A second exemplary embodiment is shown in FIGS. 6 and 7. Here, too, it is assumed that a vehicle is present in which a relationship, as shown in FIG. 6, has been defined between the axle load signal UL and the reducing factors KHA and KVA. If, to keep costs down, a load sensor is installed only on the rear axle, the load on the other axle is estimated as described above from this measurement value. When a vehicle is being braked to slow it down as it is traveling forward, the axle load shifts from the rear axle to the front axle. If this change in the axle load during braking is to be used to help adjust the pressure at the front and rear axles, then it is necessary to take into account the dynamic axle load during the braking process.
During the braking process, the dynamic axle loads and the reducing factors are determined from the actual and the static axle load values. During a braking process, for example, the axle load b is measured at the rear axle. For the rear axle, the reducing factor KHA(b) is then determined directly on the basis of the curve. Because the decrease in load at the rear axle corresponds to the increase in load at the front axle, the reducing factor KVA(b) for the front axle is determined according to the invention by means of the equation:
The dynamic change in the reducing factor at the front axle is proportional to the negative change in the reducing factor at the rear axle. The proportionality factor M comprises, for example, the ratio of the shift in braking action from front to rear. As a result of this measure, frictional adherence is taken advantage of equally at both the front and rear axles.
As illustrated by the dashed line in FIG. 6, the dynamic reducing factor KVA proceeds along a curve different from that of the static change. It is advantageous here for the dynamic change of the reducing factor to be limited to certain ranges of values (see horizontal boundaries of the straight dashed line). The system switches from the static reducing factor to the dynamic reducing factor for the front axle as soon as braking begins (see FIG. 3).
This procedure is illustrated on the basis of the flow chart of FIG. 7. According to the chart, the program accepts the stored axle load value ULstat =a in the first step 300; and in the following step 302, the reducing factors are determined for the static case (KHA(a)) and KVA(a)), and the reducing factor of the rear axle is calculated for the dynamic case KHA(b) in accordance with the curve according to FIG. 6 and the actual load value b (see step 100 in FIG. 3). Then, in step 304, the dynamic reducing factor for the front axle KVA(b) is calculated on the basis of the equation given above. The program now continues with the next section according to FIG. 3.
The procedure according to the invention has been described above on the basis of a vehicle with axle load sensing on a rear axle. When the axle load sensor is installed on the front axle, the braking pressure is controlled as a function of the axle load in a corresponding manner but with the opposite sign. In a vehicle with more than two axles, it is possible to provide axle load sensors on several axles. The procedure according to the invention can also be applied advantageously in cases where at least one axle is not provided with any means of direct axle load measurement.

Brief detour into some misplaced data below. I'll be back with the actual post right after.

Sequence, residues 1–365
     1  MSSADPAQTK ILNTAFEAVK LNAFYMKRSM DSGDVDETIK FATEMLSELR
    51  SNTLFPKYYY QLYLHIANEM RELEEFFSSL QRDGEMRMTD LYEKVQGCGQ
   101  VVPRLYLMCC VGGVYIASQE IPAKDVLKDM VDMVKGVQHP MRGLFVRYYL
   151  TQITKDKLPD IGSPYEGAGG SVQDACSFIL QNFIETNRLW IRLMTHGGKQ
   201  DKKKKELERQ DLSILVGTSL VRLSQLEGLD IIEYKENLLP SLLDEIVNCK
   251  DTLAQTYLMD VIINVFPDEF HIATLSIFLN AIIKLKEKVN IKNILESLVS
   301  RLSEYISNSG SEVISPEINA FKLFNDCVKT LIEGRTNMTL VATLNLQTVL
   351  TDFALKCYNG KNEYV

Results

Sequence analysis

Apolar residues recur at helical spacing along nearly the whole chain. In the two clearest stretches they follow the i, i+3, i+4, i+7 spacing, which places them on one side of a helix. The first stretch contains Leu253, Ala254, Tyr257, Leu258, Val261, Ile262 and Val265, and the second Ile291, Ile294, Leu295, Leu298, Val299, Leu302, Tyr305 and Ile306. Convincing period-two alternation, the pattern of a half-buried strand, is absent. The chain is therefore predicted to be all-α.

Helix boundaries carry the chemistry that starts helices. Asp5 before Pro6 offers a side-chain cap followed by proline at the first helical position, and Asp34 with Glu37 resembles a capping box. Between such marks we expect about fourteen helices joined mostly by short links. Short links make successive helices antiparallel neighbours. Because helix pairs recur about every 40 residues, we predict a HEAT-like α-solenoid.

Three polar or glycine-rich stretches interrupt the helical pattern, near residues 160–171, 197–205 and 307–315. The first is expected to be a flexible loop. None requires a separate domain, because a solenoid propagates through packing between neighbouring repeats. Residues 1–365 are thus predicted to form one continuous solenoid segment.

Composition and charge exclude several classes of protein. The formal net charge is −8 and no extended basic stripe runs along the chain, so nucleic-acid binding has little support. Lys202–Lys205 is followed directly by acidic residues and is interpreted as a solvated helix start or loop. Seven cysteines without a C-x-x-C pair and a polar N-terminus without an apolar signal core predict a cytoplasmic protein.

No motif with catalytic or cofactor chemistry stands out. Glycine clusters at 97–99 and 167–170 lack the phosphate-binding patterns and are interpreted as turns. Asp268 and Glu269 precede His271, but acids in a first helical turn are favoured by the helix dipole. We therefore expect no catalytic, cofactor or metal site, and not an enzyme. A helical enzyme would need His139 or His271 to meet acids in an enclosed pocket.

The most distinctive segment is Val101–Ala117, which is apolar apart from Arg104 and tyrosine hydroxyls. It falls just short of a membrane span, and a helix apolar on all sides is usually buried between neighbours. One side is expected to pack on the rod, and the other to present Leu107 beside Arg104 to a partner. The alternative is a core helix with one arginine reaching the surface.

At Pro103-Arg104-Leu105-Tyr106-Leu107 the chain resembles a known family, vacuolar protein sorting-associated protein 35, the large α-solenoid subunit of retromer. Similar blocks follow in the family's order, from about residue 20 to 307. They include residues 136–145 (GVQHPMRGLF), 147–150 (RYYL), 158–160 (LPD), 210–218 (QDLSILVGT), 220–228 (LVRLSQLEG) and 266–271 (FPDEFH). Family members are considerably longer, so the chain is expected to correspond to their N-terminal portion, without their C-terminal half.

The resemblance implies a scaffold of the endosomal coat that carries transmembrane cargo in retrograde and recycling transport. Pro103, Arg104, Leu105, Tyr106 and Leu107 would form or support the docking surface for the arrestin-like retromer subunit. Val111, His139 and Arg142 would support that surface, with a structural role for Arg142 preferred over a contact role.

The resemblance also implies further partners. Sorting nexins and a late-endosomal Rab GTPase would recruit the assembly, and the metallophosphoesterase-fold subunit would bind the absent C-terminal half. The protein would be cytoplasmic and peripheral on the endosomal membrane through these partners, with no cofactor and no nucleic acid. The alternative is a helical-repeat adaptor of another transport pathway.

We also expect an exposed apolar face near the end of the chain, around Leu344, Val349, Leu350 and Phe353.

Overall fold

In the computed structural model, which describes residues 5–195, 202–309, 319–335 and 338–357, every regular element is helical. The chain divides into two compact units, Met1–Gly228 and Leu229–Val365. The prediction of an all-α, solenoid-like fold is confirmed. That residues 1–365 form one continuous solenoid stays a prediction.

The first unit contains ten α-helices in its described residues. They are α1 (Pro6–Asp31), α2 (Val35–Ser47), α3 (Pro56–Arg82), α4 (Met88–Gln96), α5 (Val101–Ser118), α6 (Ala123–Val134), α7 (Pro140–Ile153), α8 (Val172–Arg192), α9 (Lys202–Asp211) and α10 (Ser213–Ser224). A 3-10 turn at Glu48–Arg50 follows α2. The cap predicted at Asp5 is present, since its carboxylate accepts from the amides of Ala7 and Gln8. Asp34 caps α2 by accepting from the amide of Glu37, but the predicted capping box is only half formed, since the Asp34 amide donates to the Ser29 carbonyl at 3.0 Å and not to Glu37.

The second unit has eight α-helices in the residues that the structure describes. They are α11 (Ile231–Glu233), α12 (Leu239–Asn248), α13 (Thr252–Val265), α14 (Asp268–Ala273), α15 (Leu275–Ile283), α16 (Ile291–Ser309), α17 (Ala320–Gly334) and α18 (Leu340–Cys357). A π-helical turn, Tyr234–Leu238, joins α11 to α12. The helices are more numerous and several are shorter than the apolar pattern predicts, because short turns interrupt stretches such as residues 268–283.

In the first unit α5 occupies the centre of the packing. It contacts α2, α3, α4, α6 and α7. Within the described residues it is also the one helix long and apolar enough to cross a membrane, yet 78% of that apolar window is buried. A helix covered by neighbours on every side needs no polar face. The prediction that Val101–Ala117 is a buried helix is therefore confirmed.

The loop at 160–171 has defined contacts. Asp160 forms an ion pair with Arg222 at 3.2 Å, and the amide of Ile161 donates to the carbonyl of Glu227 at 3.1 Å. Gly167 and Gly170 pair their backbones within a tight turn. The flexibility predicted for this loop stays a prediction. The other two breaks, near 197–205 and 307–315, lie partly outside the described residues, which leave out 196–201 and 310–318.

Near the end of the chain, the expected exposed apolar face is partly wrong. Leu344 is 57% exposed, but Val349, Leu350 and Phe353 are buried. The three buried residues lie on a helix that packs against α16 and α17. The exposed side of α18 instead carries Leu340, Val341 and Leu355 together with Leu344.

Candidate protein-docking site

In a vehicle of this type, reducing factors are provided for each axle in that the measurements of the load made on one axle during the braking process are used to determine the reducing factors for the other axles by means of the procedure according to the invention. If the vehicle has, for example, two rear axles and one front axle, and if the axle load sensor is installed on a rear axle, then, in the simplest case, the value of the sensed axle is assumed as the reducing factor for the other rear axle, whereas the value for the front axle is calculated as described above. In the case of two front axles, the factor calculated for one axle is again used in the simplest case for the braking control of the second axle. Of course, the reducing factor for the second axle can also be slightly modified in a specific case.
The procedure according to the invention can also be applied advantageously when the vehicle is traveling backwards, but the signs are reversed.
In an especially advantageous exemplary embodiment, the reducing factors KHA(a) and KVA(a) of the rear and front axles, respectively, calculated from the static load measurement values, rather than the static load measurement values themselves, are stored during unbraked travel. During the braking process, these value are then available as static reducing factors.
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|International Classification||B60T8/18, B60T8/1766, B60T8/26, B60T13/68|
|Cooperative Classification||B60T13/683, B60T8/266, B60T8/1766|
|European Classification||B60T13/68B, B60T8/26D, B60T8/1766|
|Jan 13, 1996||AS||Assignment|
Owner name: ROBERT BOSCH GMBH, GERMANY
Free format text: ASSIGNMENT OF ASSIGNORS INTEREST;ASSIGNORS:STUMPE, WERNER;SCHLICHENMAIER, ANDREAS;KAECHELE, HEINZ;AND OTHERS;REEL/FRAME:007844/0666;SIGNING DATES FROM 19951219 TO 19960108
|Feb 12, 2003||FPAY||Fee payment|
Year of fee payment: 4
|Mar 5, 2003||REMI||Maintenance fee reminder mailed|
|Mar 11, 2004||AS||Assignment|
Owner name: KNORR-BREMSE SYSTEME FUR NUTZFAHRZEUGE GMBH, GERMA
Free format text: ASSIGNMENT OF ASSIGNORS INTEREST;ASSIGNOR:ROBERT BOSCH GMBH;REEL/FRAME:015044/0923
Effective date: 20040220
|Jan 26, 2007||FPAY||Fee payment|
Year of fee payment: 8
|Mar 21, 2011||REMI||Maintenance fee reminder mailed|
|Aug 17, 2011||LAPS||Lapse for failure to pay maintenance fees|
|Oct 4, 2011||FP||Expired due to failure to pay maintenance fee|
Effective date: 20110817